The eighth generation of video game consoles have been nothing short of a grand slam for Sony and the PlayStation 4, selling over 91 million units in its lifespan so far. With the newest generation of consoles looming on the ever closing horizon, many have found it interesting to see that the Japanese tech giant has decided to take the year off from attending E3 2019, the biggest gaming expo and press event of the year, leading speculation to run wild on what Sony could have up their sleeve. At the helm of the company’s gaming endeavors, chairman of Sony Interactive Entertainment Worldwide Studios, has remained overall silent outside of his ‘see you in the new year’ tweet late last year. Now, the Sony executive is starting to reemerge in the public, ahead of his upcoming keynote speaking role at tomorrow’s DICE Awards.
In an interview with CNet, the long time Sony staple touched on a number of topics, including the company’s current mindset on how they go about producing first party titles with current trends in mind. “I think we’ve done a lot over the last three or four years to get us to a place right now where we’re building fewer games per year than ever before, but we’re spending more time, more energy, certainly more money, on making them” Layden touched on. “So we’re striking on all the beats that we want to, and we’re getting both critical and commercial acclaim. Let’s see now what we might add to our arsenal. I’ve looked at some opportunities in the past, it’s an opportunity to look for the ones that are the best cultural fit.”
Naturally, his answer led to a follow up surrounding the company’s decision process in terms of acquiring studios. “We’re always exploring opportunities” Layden continued. “If we found a partner or a team or a game that we felt was particularly meaningful and interesting in a service area, we will look to bring that in. We’re always open to that kind of experience. We try to make it really easy for our teams to focus on what our vision is for the future. And we have simplified it to ‘first, best or must.’ If your title is going to be “first” and creating a genre, or “first” and creating a new game activity, let’s look at that. If you’re going to make an action adventure game, It better be “best” in class. And we have the third category called “must,” which is we must support the platform, we must be present when new technology comes out.” First party studios and an emphasis on exclusive titles has always been a sticking point for the now fourth generation gaming hardware company, but competitors have began to take notice of their secret formula. Currently, Microsoft now owns fourteen game studios, with seven of them being added in the past year.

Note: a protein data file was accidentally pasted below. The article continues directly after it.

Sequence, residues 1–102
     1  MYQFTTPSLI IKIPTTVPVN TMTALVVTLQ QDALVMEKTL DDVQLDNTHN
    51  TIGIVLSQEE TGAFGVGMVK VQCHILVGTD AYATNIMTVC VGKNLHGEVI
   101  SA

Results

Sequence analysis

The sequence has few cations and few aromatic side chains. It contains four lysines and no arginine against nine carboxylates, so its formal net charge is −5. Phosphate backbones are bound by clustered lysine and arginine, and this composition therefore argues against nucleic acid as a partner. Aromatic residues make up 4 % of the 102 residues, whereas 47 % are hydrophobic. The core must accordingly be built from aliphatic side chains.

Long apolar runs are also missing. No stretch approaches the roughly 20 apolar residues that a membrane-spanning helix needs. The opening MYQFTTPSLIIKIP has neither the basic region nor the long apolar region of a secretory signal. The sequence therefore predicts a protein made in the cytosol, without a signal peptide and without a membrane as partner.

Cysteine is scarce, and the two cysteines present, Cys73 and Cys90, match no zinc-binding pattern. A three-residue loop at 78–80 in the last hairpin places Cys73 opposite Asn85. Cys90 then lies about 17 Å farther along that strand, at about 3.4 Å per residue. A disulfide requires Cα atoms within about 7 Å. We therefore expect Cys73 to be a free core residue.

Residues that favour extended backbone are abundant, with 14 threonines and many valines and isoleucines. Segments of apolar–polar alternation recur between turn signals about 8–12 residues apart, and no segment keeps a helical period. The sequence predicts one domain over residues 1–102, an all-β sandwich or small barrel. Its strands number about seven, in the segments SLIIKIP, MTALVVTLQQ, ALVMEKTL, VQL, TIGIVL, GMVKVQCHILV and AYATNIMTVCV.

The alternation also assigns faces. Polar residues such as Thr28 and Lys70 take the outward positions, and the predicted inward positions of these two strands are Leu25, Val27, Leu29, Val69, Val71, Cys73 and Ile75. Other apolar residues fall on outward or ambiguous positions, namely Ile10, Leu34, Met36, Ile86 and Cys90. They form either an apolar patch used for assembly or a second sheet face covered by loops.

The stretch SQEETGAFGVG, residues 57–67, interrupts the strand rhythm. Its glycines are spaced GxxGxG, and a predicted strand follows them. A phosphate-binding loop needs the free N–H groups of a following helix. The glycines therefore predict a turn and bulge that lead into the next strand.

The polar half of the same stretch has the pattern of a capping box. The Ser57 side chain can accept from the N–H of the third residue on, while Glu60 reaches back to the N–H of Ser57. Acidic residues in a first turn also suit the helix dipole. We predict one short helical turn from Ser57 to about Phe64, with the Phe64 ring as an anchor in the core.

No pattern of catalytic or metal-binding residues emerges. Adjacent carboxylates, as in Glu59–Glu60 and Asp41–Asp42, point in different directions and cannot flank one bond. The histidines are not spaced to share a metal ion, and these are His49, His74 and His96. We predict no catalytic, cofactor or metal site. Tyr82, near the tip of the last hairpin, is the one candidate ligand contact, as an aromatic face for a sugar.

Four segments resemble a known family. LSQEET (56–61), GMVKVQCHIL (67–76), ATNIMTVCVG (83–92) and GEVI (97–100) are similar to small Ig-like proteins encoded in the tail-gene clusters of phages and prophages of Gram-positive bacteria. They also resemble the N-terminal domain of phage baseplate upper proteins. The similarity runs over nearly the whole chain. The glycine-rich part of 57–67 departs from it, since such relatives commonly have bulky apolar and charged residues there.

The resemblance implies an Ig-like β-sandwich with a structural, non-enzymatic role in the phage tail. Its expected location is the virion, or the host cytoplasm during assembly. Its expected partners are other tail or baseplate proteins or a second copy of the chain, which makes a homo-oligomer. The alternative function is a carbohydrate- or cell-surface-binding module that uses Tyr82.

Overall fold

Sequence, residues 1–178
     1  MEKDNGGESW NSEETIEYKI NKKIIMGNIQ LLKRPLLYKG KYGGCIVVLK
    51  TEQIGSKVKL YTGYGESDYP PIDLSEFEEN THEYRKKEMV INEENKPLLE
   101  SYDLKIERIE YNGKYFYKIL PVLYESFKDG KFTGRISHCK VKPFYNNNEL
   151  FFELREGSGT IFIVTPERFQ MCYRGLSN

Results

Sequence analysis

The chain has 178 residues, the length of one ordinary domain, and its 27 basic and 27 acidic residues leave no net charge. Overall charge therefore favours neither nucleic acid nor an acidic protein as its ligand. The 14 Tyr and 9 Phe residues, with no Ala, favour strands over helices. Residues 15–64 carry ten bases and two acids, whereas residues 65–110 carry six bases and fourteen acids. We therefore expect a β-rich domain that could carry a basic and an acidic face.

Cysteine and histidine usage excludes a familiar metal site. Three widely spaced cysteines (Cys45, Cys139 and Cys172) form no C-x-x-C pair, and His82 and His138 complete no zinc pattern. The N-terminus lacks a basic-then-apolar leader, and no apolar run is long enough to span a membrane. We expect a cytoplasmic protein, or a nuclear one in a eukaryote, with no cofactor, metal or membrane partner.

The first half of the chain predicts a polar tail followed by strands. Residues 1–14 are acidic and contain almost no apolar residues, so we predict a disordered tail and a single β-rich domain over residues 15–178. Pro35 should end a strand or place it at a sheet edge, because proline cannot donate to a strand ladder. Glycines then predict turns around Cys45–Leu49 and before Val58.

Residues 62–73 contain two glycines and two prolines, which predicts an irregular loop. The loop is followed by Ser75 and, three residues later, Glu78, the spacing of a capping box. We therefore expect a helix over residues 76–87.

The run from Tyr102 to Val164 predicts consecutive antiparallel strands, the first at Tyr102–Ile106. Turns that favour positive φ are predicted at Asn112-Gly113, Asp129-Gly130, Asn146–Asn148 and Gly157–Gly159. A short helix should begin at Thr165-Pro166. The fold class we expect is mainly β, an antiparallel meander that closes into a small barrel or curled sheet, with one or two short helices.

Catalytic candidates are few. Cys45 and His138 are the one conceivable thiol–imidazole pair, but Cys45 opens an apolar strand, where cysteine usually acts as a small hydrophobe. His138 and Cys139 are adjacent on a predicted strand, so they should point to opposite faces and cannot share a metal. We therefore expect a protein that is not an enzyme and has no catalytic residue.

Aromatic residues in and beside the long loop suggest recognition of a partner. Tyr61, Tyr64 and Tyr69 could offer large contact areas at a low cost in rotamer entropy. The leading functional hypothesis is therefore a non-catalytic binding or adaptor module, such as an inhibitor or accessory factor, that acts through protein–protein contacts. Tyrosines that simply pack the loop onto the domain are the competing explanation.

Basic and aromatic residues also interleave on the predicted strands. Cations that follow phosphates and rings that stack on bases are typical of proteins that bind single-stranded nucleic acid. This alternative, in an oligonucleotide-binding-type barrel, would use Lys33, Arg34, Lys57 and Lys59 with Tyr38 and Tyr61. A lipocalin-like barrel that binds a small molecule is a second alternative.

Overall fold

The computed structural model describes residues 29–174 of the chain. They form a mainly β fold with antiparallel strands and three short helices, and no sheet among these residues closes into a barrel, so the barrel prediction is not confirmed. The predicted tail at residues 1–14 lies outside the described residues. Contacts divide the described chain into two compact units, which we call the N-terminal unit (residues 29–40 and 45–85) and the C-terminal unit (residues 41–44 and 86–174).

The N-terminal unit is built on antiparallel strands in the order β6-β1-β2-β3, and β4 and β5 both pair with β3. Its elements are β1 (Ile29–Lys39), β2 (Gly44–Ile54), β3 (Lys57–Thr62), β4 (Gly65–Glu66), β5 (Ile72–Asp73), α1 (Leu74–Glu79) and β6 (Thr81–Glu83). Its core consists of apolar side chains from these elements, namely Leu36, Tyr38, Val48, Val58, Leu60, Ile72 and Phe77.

Layden also emphasized that Sony still is putting accessibility in mind first and foremost when delving into a eventual streaming-based future of gaming. While he confirms that PlayStation does have a great ecosystem set in place for those who are interested in streaming with PlayStation Now, Layden promises that the company still views their perspective as “we can leave no gamer behind”. When the PlayStation 4 was first in development, talks of a web based system were plentiful, but the company wanted to keep the system accessible to everyone possible, using the example of military members using the hardware. Many wouldn’t have access to internet when on deployment (or internet that was stable enough to download/stream info consistently), so disc based hardware was important.
While Layden remained tight lipped on the rumors surrounding the inevitable PlayStation 5, it is a good sign to see the company begin to emerge as the new year is in full force. With upcoming first party blockbusters such as The Last of Us Part II, Ghosts of Tsushima, and Death Stranding still possible to all release this year on current generational hardware, along with the upcoming Day’s Gone, Sony fans should buckle their seat belts; the rollercoaster may be just about to start.